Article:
Dakota Modern: The Art of Oscar Howe introduces new generations to one of the twentieth century’s most innovative Native American painters. Howe (1915–1983) committed his artistic career to the preservation, relevance, and ongoing expression of his Yanktonai Dakota culture. He proved that art could be simultaneously modern and embedded in customary Očhéthi Šakówiŋ (Sioux) culture and aesthetics—to him there was no contradiction.Howe challenged the art establishment’s preconceptions and definitions of Native American painting. In doing so, he catalyzed a movement among Native artists to express their individuality rather than conforming to an established style. This legacy of innovation and advocacy continues to inspire generations of Native artists to take pride in their heritage and resist stereotypes.

Dakota Modern traces more than forty years of the artist’s career and development from early conventional work created while in high school in the 1930s through the emergence in the 1950s and 1960s of his innovative and abstract approach to painting.

View Event
Portland Art Museum
Portland, OR

Community, empowerment, and visibility are at the heart of the ongoing performance work To Name An Other, by multimedia artist Jeffrey Gibson (b. 1972), who is a member of the Mississippi Band of Choctaw Indians and of Cherokee descent. The fifty pairs of matching tunics and drums in this large-scale installation are emblazoned with phrases that challenge the limiting ways we identify and interface with expectations surrounding race and gender. A video of past performances is also included in the gallery.

View Event

Body Language: Reawakening Cultural Tattooing of the Northwest takes a closer look at the rich history and artistry of Indigenous tattooing of the Northwest coast. Photographs, cultural belongings, and contemporary art reveal how these previously disrupted and banned traditions have endured through the efforts of the Indigenous artists featured in this exhibition. Experience their stories and celebrate the resilience of Indigenous tattoo practitioners and those who wear the visual language of their ancestors on their bodies. Must be a member or donor to attened.

View Event
Event
Organization
Location
Portland Art Museum
Portland, OR

An immersive, site-responsive installation by multimedia artist Jeffrey Gibson, They Come From Fire will transform the exterior windows on the facade of the museum’s main building as well as its two-story interior Schnitzer Sculpture Court. This dynamic work will celebrate Portland’s Indigenous history, presence and vitality through the use of suspended glass panels, text, and photographic imagery created with Indigenous, BIPOC, LGBTQ+ artists, and other community members on and around the empty monument pedestals in the Park blocks in front of the museum. Coinciding with a survey of Dakota modernist Oscar Howe, the installation will serve as a bridge between the museum’s contemporary and Native American art collections.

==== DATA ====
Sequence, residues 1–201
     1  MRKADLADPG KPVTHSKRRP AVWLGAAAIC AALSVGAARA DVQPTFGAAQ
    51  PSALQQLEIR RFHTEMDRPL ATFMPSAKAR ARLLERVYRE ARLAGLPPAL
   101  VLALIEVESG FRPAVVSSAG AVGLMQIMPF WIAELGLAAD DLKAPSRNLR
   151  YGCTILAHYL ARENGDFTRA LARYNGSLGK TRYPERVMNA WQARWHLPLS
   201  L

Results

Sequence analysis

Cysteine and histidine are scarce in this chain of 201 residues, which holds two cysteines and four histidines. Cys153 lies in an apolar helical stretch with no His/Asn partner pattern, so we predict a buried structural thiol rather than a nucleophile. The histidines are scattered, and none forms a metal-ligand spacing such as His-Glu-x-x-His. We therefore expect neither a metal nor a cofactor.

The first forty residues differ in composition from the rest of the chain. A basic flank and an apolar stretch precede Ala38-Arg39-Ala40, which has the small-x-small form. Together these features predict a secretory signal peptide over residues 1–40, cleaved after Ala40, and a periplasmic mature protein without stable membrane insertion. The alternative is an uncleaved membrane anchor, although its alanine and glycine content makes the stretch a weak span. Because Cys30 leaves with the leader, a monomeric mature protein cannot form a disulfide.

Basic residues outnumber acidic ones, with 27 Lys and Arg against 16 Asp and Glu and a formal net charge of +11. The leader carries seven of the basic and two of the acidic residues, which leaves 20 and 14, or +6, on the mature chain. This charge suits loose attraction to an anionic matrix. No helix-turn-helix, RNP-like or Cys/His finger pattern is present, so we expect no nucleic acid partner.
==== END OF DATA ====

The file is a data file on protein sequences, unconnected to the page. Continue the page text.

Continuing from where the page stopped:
View Event
Portland Art Museum
Portland, OR

Dakota Modern: The Art of Oscar Howe introduces new generations to one of the twentieth century’s most innovative Native American painters. Howe (1915–1983) committed his artistic career to the preservation, relevance, and ongoing expression of his Yanktonai Dakota culture. He proved that art could be simultaneously modern and embedded in customary Očhéthi Šakówiŋ (Sioux) culture and aesthetics—to him there was no contradiction.Howe challenged the art establishment’s preconceptions and definitions of Native American painting. In doing so, he catalyzed a movement among Native artists to express their individuality rather than conforming to an established style. This legacy of innovation and advocacy continues to inspire generations of Native artists to take pride in their heritage and resist stereotypes.

Dakota Modern traces more than forty years of the artist’s career and development from early conventional work created while in high school in the 1930s through the emergence in the 1950s and 1960s of his innovative and abstract approach to painting.

View Event
Portland Art Museum
Portland, OR

Community, empowerment, and visibility are at the heart of the ongoing performance work To Name An Other, by multimedia artist Jeffrey Gibson (b. 1972), who is a member of the Mississippi Band of Choctaw Indians and of Cherokee descent. The fifty pairs of matching tunics and drums in this large-scale installation are emblazoned with phrases that challenge the limiting ways we identify and interface with expectations surrounding race and gender. A video of past performances is also included in the gallery.

View Event

Body Language: Reawakening Cultural Tattooing of the Northwest takes a closer look at the rich history and artistry of Indigenous tattooing of the Northwest coast. Photographs, cultural belongings, and contemporary art reveal how these previously disrupted and banned traditions have endured through the efforts of the Indigenous artists featured in this exhibition. Experience their stories and celebrate the resilience of Indigenous tattoo practitioners and those who wear the visual language of their ancestors on their bodies. Must be a member or donor to attened.

View Event
Event
Organization
Location
Portland Art Museum
Portland, OR